The governing body of the International Labor Organization, ILO, called on Burma's military government to let the ILO set up a permanent office so the organization can monitor the country's use of forced labor.
Last year, under pressure from the labor organization, the military junta enacted legislation that it claimed was designed to eliminate forced labor. But at a news conference Thursday, ILO officials made it clear that forced labor remains a problem in Burma.
Francis Maupin, a special adviser to the ILO director general, said the organization wants the Burmese government to agree to an ILO presence in the country. Mr. Maupin said the law enacted last year allows victims of forced labor to go to court, but he added that many of the victims are reluctant to do so, which is why the ILO wants to be there. "Maybe the fact that the I-L-O has a presence there could encourage the victims to complain. And perhaps the presence of the I-L-O could give them a sense of security about the fact that they could file complaints and not be victimized subsequently," he said.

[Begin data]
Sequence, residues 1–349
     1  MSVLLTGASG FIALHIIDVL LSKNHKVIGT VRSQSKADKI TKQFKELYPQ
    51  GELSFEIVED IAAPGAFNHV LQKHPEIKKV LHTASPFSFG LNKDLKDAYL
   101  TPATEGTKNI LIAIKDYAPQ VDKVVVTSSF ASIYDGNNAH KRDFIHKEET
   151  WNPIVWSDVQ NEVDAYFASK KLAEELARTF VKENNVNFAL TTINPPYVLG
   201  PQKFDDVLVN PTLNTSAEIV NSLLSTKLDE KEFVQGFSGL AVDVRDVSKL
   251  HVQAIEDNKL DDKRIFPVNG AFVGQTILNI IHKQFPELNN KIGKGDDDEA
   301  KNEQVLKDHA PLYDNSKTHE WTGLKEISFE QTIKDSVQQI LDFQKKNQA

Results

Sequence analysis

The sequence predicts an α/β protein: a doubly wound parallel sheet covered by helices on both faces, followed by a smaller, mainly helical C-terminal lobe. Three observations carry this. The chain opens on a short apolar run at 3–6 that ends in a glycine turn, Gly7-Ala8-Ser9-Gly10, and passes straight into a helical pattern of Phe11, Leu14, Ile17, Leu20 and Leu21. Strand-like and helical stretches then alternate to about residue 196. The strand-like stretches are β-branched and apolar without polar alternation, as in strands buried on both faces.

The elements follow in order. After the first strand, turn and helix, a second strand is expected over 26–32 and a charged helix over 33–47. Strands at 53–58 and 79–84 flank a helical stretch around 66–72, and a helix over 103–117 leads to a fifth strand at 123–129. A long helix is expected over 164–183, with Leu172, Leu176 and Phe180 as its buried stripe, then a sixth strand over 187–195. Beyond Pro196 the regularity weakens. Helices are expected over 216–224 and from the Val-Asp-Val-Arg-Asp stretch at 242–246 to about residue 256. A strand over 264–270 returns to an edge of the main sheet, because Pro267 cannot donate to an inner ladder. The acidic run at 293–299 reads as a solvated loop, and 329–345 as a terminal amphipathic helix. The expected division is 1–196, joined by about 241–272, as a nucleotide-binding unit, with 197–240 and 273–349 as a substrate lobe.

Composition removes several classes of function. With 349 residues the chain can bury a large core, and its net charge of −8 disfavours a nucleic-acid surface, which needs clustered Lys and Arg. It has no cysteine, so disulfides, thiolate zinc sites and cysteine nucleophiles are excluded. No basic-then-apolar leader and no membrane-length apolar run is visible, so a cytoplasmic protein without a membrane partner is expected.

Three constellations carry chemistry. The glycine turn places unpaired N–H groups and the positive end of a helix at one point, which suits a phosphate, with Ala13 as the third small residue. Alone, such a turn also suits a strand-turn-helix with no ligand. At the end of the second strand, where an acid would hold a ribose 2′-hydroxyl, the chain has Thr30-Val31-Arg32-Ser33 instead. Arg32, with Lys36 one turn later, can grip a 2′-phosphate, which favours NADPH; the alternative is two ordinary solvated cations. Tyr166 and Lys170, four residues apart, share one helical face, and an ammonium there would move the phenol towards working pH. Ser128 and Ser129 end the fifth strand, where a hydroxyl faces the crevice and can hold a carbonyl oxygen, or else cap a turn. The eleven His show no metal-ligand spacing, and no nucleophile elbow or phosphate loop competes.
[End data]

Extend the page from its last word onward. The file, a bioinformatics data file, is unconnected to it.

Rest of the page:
Mr. Maupin said the ILO can be effective only if its staff is given freedom of movement throughout the country and its independence is respected.
The ILO official said at least one Burmese official, the country's ambassador to the ILO, has accepted the suggestion in principle, but he has to consult with his government before he can make a definite commitment to allow the ILO to establish an office in the country.
The board has given Burma until March to make a decision. If Burma does not accept the ILO offer, Mr. Maupin warns that the organization's member states could enact tougher economic measures against the country.